Lufthansa’s Low Ball Offer on Germanwings Aviation Disaster–An Open Invitation to Sue
While en route to Düsseldorf, Germany from Barcelona, Spain in March, 2015, an airplane owned and operated by Lufthansa Germanwings crashed into the French Alps, killing all passengers and two pilots. Investigators later discovered one of the pilots–Andreas Lubitz–deliberately crashed the plane into the mountains after locking the other pilot out of the cockpit.
Recently, Lubitz’s employer and operator of the Germanwings airline, Lufthansa, offered financial compensation to relatives of those killed in the crash amounting to 25,000 euros (USD$27,740) per victim. Chicago Aviation Law firm, Nolan Law Group, believes that this offer is completely inadequate and worthy of further appeals for more of a realistic compensation amount.
Lufthansa has also said they plan to provide 7.8 million euros to pay the educational expenses of children who lost one or both parents in the crash and that the airline will set aside 6 million euros towards “individual support for aid projects of relatives” in the coming months, although exact details of the program have not been revealed.
Why Relatives of Crash Victims Will Need an Aviation Accident Lawyer
While compensation for some of the deceased’s families is expected to be less than $100,000, other relatives could receive millions of dollars because of their nationality.
As explained by aviation litigation attorney Donald J. Nolan: “Compensation amounts are ultimately determined by a country’s unique legal system regarding aviation disaster compensation limits”.
According to a Time Magazine article, a U.S. aviation litigation attorney can get their clients millions of dollars in compensation for either surviving an airplane crash or being the relative of someone who died in an airplane crash. Contrast that to China, for example, where the average settlement for victims of airplane disasters is only around $500,000–and it’s even lower for European victims of airplane disasters.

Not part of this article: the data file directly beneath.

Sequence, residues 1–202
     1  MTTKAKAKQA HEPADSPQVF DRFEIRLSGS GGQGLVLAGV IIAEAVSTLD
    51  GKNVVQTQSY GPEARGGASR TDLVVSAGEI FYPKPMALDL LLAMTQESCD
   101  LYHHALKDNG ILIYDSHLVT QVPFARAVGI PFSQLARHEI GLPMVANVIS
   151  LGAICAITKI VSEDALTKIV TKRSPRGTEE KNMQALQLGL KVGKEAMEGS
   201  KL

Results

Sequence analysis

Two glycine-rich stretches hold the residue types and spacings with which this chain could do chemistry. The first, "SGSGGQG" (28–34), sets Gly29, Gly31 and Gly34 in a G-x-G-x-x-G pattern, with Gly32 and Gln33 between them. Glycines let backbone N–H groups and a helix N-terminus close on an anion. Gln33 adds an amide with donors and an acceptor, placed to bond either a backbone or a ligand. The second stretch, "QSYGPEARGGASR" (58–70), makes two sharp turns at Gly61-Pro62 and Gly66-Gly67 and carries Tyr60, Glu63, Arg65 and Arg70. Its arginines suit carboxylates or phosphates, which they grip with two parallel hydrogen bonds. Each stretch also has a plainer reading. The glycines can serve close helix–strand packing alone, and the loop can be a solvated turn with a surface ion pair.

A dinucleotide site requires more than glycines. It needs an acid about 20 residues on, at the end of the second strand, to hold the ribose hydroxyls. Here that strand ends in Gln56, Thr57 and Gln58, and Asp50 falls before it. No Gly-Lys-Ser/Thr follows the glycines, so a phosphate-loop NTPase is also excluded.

The Montreal Convention
Compensation for non-U.S. victims and their families of the Asiana Airlines Flight 214 crash will be much less than for American passengers aboard the plane when it crash-landed at the San Francisco airport in 2013, killing three Chinese girls and injuring nearly 200 passengers.
A treaty called the Montreal Convention regulates compensation to people suffering injuries while traveling by air internationally. This treaty prevents non-U.S. citizens aboard Flight 214 from filing lawsuits in U.S. courts, even though the crash happened in San Francisco. Consequently, many victims will not receive adequate compensation amounts they deserve. However, some victims have hired an American airplane crash attorney skilled in navigating complex European and Asian laws to help them get the compensation they deserve.
The Korean Airline Crash of 1997
Director of Litigation Thomas J. Ellis points out the cases of family members of victims killed in the 1997 Korean Airlines disaster who, by filing lawsuits in the U.S., received over 100 times more money than victims suing in South Korea. Asiana, the airline responsible for the 2013 San Francisco crash, claimed they were only obliged to pay $170,000 per passenger, citing the Montreal Convention.
Non-U.S. victims and relatives of victims injured in an airplane crash must endure years of endless litigation, stalling tactics by airline attorneys and, ultimately, out-of-court settlements that are disturbing inadequate and insulting. Enlisting the assistance of an experienced airplane injury attorney working for Nolan Law Group is essential to fighting successfully for the right to receive compensation due to airline negligence.